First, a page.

Slowing the pace of the increases may provide an opportunity to assess the impact of the increases so far on the economy, the Journal report said, citing public statements from policymakers. A series of price increases starting in March 2022 resulted in increases of 4.25 percentage points.

Market prices currently suggest quarter-point hikes at the next two meetings, a period of inaction, and then a reduction of up to half a point by the end of 2023, according to CME Group data.

However, many officials, Including Governor Lyle Brainard And New York Fed President John Williams used the expression “stay the course” to describe the course of policy going forward.

– Jeff Cox

Nasdaq is on track for consecutive gains as technology stocks rise

The Nasdaq Composite was up more than 2.2% during midday trading Monday, supported by battered tech stocks.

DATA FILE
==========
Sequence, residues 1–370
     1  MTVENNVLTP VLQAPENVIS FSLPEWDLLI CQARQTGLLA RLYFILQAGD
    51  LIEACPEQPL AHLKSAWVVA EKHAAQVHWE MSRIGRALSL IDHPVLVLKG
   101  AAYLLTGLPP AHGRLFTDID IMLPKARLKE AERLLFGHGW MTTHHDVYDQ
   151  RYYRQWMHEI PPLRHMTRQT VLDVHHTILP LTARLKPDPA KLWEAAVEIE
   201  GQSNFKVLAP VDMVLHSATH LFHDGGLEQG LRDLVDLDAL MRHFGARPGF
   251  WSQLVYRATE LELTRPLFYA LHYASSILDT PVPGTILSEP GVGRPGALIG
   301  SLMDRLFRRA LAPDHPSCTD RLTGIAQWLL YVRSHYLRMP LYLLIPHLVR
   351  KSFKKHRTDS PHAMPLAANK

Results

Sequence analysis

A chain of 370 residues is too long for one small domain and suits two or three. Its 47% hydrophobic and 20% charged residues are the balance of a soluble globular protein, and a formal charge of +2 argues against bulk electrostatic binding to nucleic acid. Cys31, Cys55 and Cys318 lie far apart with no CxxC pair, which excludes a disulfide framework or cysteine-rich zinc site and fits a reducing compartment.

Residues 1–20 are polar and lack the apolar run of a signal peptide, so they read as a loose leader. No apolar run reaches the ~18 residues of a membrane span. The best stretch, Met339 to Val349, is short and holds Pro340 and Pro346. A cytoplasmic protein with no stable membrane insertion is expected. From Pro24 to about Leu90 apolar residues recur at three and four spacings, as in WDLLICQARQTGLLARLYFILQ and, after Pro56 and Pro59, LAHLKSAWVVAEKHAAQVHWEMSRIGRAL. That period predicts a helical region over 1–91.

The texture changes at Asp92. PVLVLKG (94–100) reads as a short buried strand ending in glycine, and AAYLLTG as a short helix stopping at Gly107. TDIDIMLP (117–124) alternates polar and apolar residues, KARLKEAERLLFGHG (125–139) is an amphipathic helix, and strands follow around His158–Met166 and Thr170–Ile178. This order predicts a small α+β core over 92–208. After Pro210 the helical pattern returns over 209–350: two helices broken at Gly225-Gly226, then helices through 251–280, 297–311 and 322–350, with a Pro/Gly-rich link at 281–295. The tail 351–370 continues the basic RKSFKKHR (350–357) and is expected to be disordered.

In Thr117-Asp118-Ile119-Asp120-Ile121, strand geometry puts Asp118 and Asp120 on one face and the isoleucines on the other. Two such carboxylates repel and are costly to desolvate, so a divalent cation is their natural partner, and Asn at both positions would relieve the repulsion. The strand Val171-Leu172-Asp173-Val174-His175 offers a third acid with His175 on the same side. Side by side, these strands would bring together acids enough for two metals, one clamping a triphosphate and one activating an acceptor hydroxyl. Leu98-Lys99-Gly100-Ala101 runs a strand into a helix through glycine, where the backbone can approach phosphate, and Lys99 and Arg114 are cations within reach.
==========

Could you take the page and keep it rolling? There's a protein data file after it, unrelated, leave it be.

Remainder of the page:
The move put the tech-heavy index on pace for a consecutive day of gains that exceeded 2%. the The index ended up 2.66% on Friday.

The rise in semiconductor stocks helped push the index higher. Tesla And an AppleMeanwhile, it rose 7.7% and 3.2%, respectively, as the reopening of China raised hopes of boosting their business. Western Digital and advanced micro devices It rose by 8% each Qualcomm And nvidia jumped about 7%.

Information technology was the best performing S&P 500 sector, up 2.7%. That was in part due to gains in the chip segment. Telecom services added 1.9%, supported by the likes of NetflixAnd Meta platformsAnd the alphabet And Match set.

– Samantha Sobin

El-Erian says Fed should raise 50 basis points, calls smaller increase a ‘mistake’

Inflation may have shown to be quite high in the past, but the shift to a 25 basis point hike at the next Fed policy meeting is a “mistake”, according to Allianz chief economic advisor Mohamed El-Erian.